Many novice adventurers make the mistake of engaging in misguided training. Long-distance running, mountain-biking and similar pursuits may help with your fitness – any training is better than no training! However, these types of exertions will not prepare you for the dual challenge of extended endurance (8-16 hours of hiking and climbing – normally for a number of consecutive days), they will not assist the body with acclimatization to altitude. It is better to engage in much lower-intensity effort, and work on extending your training times.

Don’t run on the wrong fuel

Nutrition can have a massive impact on both your training success, and on your ability to adjust to prolonged exposure and altitude. Learn from more experienced climbers and guides, and consult with a nutritionist if necessary – especially if you have any food allergies, intolerances or medical conditions that might be aggravated by changes to your diet or exercise patterns (such as diabetes, asthma or glycaemic dysfunction).

You also need to practice your nutritional strategies – try them out a number of times during long training sessions, and on any preparatory trips or climbs. Remember to get used to the food items to be expected on your expedition – most trails don’t provide cordon bleu menus!

You will need to find the balance between this specialized preparation, and spending the appropriate amount of time perfecting your climbing and hiking in a real environment. Preparation breeds success – fine tune with the specialized training, test your preparations and fitness level by exposing yourself to challenges similar to what you will expect on your adventure – the success will take care of itself!

Zac van Heerden
M.Sc (Med) (Exercise Physiology)

Getting Started! Preparing for your next adventure …

There is no feeling to match a successful summit, or the hard-earned blisters of a rewarding trekking or hiking adventure. If this is your first challenge or expedition, or if you are heading into new territory, you may have some questions on how best to prepare yourself.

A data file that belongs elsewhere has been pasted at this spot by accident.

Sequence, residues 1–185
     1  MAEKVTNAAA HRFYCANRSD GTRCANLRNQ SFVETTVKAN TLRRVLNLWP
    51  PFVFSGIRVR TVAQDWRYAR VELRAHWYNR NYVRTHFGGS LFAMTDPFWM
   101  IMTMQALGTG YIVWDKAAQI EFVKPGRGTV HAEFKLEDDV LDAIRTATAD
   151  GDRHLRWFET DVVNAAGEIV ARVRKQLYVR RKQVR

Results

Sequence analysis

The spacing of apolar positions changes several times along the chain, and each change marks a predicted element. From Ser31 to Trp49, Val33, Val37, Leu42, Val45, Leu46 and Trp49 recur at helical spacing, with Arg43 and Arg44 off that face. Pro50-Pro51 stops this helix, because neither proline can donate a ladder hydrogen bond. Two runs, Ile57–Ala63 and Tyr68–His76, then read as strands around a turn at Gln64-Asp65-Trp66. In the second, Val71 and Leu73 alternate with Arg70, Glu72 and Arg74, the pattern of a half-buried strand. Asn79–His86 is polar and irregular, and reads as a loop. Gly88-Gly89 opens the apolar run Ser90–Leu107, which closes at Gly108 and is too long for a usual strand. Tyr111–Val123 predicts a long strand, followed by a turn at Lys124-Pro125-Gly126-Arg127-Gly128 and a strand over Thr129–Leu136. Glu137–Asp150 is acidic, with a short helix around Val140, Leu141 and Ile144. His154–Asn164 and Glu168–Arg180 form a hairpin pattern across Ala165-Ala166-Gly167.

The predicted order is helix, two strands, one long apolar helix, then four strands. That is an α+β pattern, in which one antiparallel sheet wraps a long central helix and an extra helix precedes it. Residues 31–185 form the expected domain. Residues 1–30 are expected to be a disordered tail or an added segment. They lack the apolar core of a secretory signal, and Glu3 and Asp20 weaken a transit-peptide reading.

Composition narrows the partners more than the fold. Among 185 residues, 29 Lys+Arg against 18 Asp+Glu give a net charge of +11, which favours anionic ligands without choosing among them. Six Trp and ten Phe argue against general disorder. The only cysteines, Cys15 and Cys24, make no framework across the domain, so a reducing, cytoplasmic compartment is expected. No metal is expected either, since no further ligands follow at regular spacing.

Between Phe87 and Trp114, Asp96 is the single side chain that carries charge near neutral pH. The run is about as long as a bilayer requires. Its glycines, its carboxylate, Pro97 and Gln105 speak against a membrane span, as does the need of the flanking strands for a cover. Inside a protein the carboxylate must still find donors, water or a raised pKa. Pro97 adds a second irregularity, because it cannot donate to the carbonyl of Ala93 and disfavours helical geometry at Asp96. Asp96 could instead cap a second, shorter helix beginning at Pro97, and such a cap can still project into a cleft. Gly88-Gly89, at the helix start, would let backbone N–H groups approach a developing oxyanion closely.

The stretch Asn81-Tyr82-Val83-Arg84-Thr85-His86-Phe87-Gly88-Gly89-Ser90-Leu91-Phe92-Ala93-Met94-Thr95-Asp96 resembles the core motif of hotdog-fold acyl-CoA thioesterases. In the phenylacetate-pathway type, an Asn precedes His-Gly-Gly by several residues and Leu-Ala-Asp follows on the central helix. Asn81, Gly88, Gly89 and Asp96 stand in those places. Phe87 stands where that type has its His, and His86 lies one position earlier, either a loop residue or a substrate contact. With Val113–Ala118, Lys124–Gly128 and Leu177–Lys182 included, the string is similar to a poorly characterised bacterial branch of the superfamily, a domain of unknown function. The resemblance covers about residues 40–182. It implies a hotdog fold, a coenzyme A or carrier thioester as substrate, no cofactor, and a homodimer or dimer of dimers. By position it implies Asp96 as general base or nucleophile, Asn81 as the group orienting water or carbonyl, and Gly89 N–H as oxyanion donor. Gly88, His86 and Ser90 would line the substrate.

My focus is on the medical and physical aspects of mountaineering and adventure activities – there are any factors that contribute to successful expeditions, but physical condition plays a significant role.

The first step is to ensure that your health is at an adequate level to sustain you through the trials and challenges that lie ahead – not just the expedition itself, but also the training and preparation that will be required – and the return to a safe environment. A good starting point, if you are in any doubt about your health status, is to pay your family doctor a visit – or better yet, complete an exhaustive pre-expedition medical with an appropriately-qualified sports physician. Also prepare yourself with any travel-based assessments and be familiar with the travel medications that you may need later (such as malaria medication, required vaccinations etc), as these may have an impact on your physical performance.

The second step – even before we get to the actual training! – is to evaluate your equipment needs. Consider the current state of your climbing/hiking equipment, and piece together a timeline for any repairs and replacement. A massive part of your preparation will involve you familiarizing yourself with your equipment. Certain items, such as your footwear and backpacks need to be worn in, and your body may need to fully adjust to them – so get them in early and start getting used to them.

Part three – start thinking about a plan of action. Put together a training plan – consider the amount of time you have available, and the training goals and objectives you will need to achieve before you are ready to go. This may result in you delaying your trip if you feel you may not be able to get to the required level in the time you have available – better safe than sorry!

You cannot complete all your training in the comfort of a gym, so be sure to schedule in time outdoors in environments similar to that of your destination – be sure to have your critical equipment in action training with you! Other aspects of your training can be conducted in more comfortable environments (such as your local gym, or with a suitably-qualified practitioner – make sure you “outsource” your hopes and aspirations to someone who has experience dealing with mountaineering and adventure activities). If you are in any doubt about the best way to formulate a training schedule, or if you are not confident in your ability to get the best work done, make sure to consult with an appropriately-qualified professional.

A key element of preparation is “simulation” – getting out into terrain similar to what you will be experiencing on your trip. The mental aspects of preparation are as critical as the physical ones, so make sure you research the environment well (by attending talks, investigating the region using print and online resources, and spending some time with tour operators and guides familiar with your destination). Many challenges are completed in your head, well before you even begin the physical journey!

Following these simple steps will hopefully set you up on the right path from the word go – ambitious adventures have the potential to come off the rails before you can even start, so plan carefully and methodically.

Article by Zac van Heerden M.Sc (Med) (Exercise Physiology)

 

Everest 2017 • Summit Success!

Friday 19 May